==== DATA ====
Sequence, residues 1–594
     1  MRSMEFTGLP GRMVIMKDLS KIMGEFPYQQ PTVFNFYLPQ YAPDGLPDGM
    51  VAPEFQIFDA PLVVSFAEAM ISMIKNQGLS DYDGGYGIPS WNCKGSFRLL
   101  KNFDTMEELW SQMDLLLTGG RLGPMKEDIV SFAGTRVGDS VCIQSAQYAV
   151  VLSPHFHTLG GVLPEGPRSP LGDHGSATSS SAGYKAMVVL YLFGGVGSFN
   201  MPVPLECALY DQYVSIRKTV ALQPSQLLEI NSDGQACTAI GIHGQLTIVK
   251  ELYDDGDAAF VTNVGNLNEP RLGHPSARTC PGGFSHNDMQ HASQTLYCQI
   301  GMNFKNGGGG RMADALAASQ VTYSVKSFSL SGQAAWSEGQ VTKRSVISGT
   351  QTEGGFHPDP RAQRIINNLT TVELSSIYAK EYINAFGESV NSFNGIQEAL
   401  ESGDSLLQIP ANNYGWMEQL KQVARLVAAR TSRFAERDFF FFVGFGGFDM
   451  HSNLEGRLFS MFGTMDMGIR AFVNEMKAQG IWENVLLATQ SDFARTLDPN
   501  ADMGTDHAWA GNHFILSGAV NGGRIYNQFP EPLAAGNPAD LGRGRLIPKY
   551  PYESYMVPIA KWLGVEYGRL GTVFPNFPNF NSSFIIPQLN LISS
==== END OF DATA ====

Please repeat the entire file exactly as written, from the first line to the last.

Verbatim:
Sequence, residues 1–594
     1  MRSMEFTGLP GRMVIMKDLS KIMGEFPYQQ PTVFNFYLPQ YAPDGLPDGM
    51  VAPEFQIFDA PLVVSFAEAM ISMIKNQGLS DYDGGYGIPS WNCKGSFRLL
   101  KNFDTMEELW SQMDLLLTGG RLGPMKEDIV SFAGTRVGDS VCIQSAQYAV
   151  VLSPHFHTLG GVLPEGPRSP LGDHGSATSS SAGYKAMVVL YLFGGVGSFN
   201  MPVPLECALY DQYVSIRKTV ALQPSQLLEI NSDGQACTAI GIHGQLTIVK
   251  ELYDDGDAAF VTNVGNLNEP RLGHPSARTC PGGFSHNDMQ HASQTLYCQI
   301  GMNFKNGGGG RMADALAASQ VTYSVKSFSL SGQAAWSEGQ VTKRSVISGT
   351  QTEGGFHPDP RAQRIINNLT TVELSSIYAK EYINAFGESV NSFNGIQEAL
   401  ESGDSLLQIP ANNYGWMEQL KQVARLVAAR TSRFAERDFF FFVGFGGFDM
   451  HSNLEGRLFS MFGTMDMGIR AFVNEMKAQG IWENVLLATQ SDFARTLDPN
   501  ADMGTDHAWA GNHFILSGAV NGGRIYNQFP EPLAAGNPAD LGRGRLIPKY
   551  PYESYMVPIA KWLGVEYGRL GTVFPNFPNF NSSFIIPQLN LISS